In a first, K-P pledges designated seats in BRT buses for transgenders

Published: October 6, 2017

PESHAWAR: In an unprecedented move, the Khyber-Pakhtunkhwa (K-P) government has pledged to designate seats for transgender persons in the planned Bus Rapid Transit (BRT) System.

The decision was taken in a K-P Social Welfare department consultative meeting on Friday. Representatives of the transgender community, civil society organisations and government officials met to take recommendations and chalk out a plan to facilitate transgender persons in BRT buses.

The provincial government announced that the public transport project will be launched on October 20, and accommodate more than 0.4 million passengers daily in its fleet of more than 400 buses.

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Quoting Social Welfare Director Abidullah Kakakhel, a press release issued by Trans Action Alliance stated that the K-P government continues to hear troubling stories from transgender travellers about the treatment they receive during their commute.

“The provincial government will ensure that all public transportation schemes are transgender-friendly and state laws prohibit such treatment which makes public spaces inaccessible for transgender community,” Kakakhel pledged, according to the statement.

Qamar Naseem, board member of Trans Action Alliance, confirmed to The Express Tribune that the government has pledged designated seats for transgender travellers – those who identify as women will be given designated seats in the women’s compartment while those who identify as men will be given separate seats in the men’s section.

Naseem added that it was recommended in the meeting that free tickets be given to transgenders to encourage them to use the BRT system. “Currently, transgenders do not use public transport frequently because of harassment and bullying from people,” he said.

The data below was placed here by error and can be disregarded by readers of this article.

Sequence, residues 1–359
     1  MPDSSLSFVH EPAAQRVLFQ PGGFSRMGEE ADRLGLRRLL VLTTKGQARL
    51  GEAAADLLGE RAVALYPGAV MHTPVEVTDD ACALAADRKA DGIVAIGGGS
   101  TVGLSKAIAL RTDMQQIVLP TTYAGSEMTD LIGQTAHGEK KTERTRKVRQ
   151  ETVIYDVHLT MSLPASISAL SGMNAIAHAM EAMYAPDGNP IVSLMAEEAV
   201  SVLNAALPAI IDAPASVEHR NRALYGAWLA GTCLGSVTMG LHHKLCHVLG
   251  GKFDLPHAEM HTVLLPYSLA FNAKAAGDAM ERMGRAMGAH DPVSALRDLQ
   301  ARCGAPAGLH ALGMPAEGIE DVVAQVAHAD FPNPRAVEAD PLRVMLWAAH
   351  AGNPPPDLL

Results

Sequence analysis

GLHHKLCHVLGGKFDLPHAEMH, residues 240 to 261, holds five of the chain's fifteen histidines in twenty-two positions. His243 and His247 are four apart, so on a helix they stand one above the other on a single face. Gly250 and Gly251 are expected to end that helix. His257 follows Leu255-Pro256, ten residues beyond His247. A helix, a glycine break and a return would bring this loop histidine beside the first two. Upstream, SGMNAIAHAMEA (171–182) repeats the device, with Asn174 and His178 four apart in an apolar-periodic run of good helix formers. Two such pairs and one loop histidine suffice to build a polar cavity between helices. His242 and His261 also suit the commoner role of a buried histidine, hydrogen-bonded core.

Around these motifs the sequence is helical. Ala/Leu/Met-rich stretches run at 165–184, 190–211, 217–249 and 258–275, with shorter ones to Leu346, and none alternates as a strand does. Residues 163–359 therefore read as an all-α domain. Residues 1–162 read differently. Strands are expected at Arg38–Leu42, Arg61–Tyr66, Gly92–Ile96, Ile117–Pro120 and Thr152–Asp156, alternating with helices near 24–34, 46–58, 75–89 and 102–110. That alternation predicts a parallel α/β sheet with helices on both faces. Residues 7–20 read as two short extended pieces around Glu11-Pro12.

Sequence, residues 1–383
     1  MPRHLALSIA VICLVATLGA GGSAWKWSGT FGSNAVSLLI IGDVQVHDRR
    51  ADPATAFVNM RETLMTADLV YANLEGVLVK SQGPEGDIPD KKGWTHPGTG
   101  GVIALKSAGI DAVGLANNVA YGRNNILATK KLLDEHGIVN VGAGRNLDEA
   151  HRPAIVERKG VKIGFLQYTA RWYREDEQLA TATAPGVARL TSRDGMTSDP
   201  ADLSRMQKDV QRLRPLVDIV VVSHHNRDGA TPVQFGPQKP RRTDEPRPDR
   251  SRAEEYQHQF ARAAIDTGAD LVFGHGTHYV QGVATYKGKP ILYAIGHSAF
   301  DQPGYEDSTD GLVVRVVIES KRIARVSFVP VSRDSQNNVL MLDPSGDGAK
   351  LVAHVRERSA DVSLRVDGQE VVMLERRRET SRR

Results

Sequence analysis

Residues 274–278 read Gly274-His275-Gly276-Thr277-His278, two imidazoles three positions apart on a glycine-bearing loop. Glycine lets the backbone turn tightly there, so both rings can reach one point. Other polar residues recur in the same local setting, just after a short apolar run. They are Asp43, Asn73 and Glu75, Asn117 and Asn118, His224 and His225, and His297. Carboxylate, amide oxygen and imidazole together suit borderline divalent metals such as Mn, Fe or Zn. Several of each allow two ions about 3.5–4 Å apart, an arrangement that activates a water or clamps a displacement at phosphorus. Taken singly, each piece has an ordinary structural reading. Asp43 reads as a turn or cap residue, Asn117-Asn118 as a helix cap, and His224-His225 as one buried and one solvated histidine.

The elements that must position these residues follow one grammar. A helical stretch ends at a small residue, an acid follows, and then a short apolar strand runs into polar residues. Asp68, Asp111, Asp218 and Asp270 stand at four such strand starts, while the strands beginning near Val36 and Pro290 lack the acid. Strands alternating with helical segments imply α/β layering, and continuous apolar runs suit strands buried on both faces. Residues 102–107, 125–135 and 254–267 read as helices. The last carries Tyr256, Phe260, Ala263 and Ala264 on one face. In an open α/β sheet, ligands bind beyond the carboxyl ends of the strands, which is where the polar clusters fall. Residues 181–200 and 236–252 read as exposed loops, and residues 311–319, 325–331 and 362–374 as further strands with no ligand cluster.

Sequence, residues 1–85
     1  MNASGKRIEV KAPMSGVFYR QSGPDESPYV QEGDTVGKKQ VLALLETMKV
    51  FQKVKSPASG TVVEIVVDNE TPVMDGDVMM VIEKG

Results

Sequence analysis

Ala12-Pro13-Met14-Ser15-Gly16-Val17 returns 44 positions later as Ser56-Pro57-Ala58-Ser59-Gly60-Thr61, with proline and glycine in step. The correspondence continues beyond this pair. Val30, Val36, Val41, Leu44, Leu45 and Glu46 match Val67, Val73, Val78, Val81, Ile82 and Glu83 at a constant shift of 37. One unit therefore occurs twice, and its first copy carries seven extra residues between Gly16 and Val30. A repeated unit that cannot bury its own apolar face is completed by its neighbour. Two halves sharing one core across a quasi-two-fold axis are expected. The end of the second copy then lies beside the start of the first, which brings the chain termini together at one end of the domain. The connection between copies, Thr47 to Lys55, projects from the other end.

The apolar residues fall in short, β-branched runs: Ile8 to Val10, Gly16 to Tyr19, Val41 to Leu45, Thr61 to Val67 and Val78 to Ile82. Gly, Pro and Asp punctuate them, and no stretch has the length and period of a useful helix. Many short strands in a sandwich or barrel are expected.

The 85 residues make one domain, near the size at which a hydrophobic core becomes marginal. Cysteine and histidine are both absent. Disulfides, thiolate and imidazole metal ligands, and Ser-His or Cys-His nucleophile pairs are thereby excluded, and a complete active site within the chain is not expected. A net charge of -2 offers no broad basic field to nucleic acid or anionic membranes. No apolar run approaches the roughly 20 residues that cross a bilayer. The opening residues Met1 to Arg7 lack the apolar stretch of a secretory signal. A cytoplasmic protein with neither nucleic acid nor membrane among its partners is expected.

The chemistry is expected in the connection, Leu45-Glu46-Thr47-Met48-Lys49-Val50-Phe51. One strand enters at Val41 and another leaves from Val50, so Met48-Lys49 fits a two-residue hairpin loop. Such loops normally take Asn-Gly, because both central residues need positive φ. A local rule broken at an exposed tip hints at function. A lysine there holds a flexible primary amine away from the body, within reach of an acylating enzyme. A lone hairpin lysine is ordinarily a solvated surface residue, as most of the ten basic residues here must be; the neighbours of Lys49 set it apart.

The rights activists added that the provision of employment opportunities in the BRT project was also discussed at the meeting, i.e. postings at ticketing booths or other relevant departments.

Transgender individuals face a host of problems as they navigate public spaces in the country from sexual harassment to teasing to threats, violence and general disdain.

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“A distinctly unpleasant experience such as getting a seat in a crowded bus is a small victory that one [transgender], which they may celebrate in their heart, but if the person seated next to you is stern looking and constantly stares at you for no apparent reason, this victory might turn into uneasiness,” said Farzana Jan, President K-P Transgender Association.

She explained that because of issues like these, transgenders rarely travel in public transport, preferring to use rickshaws or taxis instead which charge them more than double what they would charge other passengers.

“Sometimes buses do not even allow transgenders on board because of their gender non-conformity,” she added.

Jan said that on behalf of the transgender community, she was thankful to the K-P government for expressing interest in facilitating travelling for them in the new transport project.

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